Promotion is on the cards I feel.

Ha, ha, ha........ this put a smile on my face

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I tend to move a lot slower than the designers intended as well... usually run out of time long before all the objectives are complete. Sometimes, though, it works well, you get a real "sense of urgency" and end up advancing at a fast pace but still clearing positions effectively - one platoon gets contacted, gets supported by MGs / Arty, advances through, consolidates, and before they've even finished another platoon has leapfrogged them and continued the advance.

Theres a lot of multi-tasking in it and it fries my brain, but there is something satisfying to making a very swift leapfrog advance across the map, as long as you don't mind double clicking your platoon HQ and "quick" moving your guys into the unknown...

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Over cautious at first then panic in the final 15 minutes when I'm most of the map away from the objectives, leading to mounted APCs being rushed forward with no covering fire and all my arty falling around the men as they dismount into withering, unsuppressed enemy fire and friendly airbursts before they turn into crosses or exclamation marks around the burning, exploding wrecks of their only way out of there as the heavy armour that could have done them some good is either mercilessly pounding the target I gave them 20 minutes ago or is leading the charge and looking like a electromagnet in a scrapheap as they are ablated down to the chassis.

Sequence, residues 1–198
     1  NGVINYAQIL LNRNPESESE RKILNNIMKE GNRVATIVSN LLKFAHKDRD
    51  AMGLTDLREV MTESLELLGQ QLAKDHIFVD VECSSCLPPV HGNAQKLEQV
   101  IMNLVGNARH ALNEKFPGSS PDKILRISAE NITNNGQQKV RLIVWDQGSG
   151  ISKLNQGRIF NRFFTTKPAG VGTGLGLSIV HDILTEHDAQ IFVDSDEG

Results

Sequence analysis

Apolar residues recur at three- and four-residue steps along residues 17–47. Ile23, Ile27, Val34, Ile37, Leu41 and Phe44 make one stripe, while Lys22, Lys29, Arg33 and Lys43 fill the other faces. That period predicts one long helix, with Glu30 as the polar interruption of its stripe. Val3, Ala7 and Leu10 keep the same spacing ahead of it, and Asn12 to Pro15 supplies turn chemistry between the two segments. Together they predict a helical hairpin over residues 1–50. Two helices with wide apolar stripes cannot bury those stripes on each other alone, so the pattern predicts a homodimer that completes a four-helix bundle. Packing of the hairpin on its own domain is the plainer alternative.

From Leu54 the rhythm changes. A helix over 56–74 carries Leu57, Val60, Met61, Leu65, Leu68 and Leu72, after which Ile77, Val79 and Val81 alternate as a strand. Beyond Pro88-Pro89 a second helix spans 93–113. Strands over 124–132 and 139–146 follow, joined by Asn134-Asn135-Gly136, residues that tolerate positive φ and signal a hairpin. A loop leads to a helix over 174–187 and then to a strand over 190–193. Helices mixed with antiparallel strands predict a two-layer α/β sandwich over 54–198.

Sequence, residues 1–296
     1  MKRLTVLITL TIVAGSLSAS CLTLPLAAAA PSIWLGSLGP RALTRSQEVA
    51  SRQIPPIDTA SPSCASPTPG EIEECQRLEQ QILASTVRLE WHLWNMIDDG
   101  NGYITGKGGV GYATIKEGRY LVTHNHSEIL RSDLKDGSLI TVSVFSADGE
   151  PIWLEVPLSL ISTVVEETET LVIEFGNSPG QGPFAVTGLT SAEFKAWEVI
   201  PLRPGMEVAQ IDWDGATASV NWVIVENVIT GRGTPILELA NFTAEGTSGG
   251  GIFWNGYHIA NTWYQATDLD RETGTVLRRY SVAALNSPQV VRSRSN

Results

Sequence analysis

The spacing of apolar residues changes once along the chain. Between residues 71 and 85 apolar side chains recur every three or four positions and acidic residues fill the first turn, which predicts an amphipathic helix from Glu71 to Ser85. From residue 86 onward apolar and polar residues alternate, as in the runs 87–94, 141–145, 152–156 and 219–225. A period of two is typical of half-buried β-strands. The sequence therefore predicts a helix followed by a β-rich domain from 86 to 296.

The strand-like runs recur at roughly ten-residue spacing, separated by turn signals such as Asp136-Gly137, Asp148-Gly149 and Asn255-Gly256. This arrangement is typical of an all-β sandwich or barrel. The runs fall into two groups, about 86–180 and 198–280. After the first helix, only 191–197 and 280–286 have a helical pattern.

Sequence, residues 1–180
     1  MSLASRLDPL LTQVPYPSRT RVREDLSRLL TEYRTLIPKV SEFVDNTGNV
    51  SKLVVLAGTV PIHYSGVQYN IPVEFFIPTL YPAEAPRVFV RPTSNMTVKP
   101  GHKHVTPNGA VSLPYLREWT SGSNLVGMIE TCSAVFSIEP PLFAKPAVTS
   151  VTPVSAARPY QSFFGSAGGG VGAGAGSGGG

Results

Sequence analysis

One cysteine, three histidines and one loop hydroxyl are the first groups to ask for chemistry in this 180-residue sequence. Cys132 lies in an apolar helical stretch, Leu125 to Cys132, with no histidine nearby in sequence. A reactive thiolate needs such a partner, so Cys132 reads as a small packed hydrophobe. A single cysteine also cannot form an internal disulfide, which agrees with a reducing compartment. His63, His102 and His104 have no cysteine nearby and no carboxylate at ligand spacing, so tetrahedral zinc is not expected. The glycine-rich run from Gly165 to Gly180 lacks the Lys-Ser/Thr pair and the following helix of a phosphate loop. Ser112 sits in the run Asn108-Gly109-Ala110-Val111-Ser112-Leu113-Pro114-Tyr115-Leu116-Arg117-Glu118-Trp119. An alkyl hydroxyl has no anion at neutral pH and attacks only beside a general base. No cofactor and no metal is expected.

Promotion is on the cards I feel.

:D

Man after my own heart!

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Over cautious at first then panic in the final 15 minutes when I'm most of the map away from the objectives, leading to mounted APCs being rushed forward with no covering fire and all my arty falling around the men as they dismount into withering, unsuppressed enemy fire and friendly airbursts before they turn into crosses or exclamation marks around the burning, exploding wrecks of their only way out of there as the heavy armour that could have done them some good is either mercilessly pounding the target I gave them 20 minutes ago or is leading the charge and looking like a electromagnet in a scrapheap as they are ablated down to the chassis.

Promotion is on the cards I feel.

Hero of the Soviet Union! :D

Seriously, I've done this WAY too much. :(

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Over cautious at first then panic in the final 15 minutes when I'm most of the map away from the objectives, leading to mounted APCs being rushed forward with no covering fire and all my arty falling around the men as they dismount into withering, unsuppressed enemy fire and friendly airbursts before they turn into crosses or exclamation marks around the burning, exploding wrecks of their only way out of there as the heavy armour that could have done them some good is either mercilessly pounding the target I gave them 20 minutes ago or is leading the charge and looking like a electromagnet in a scrapheap as they are ablated down to the chassis.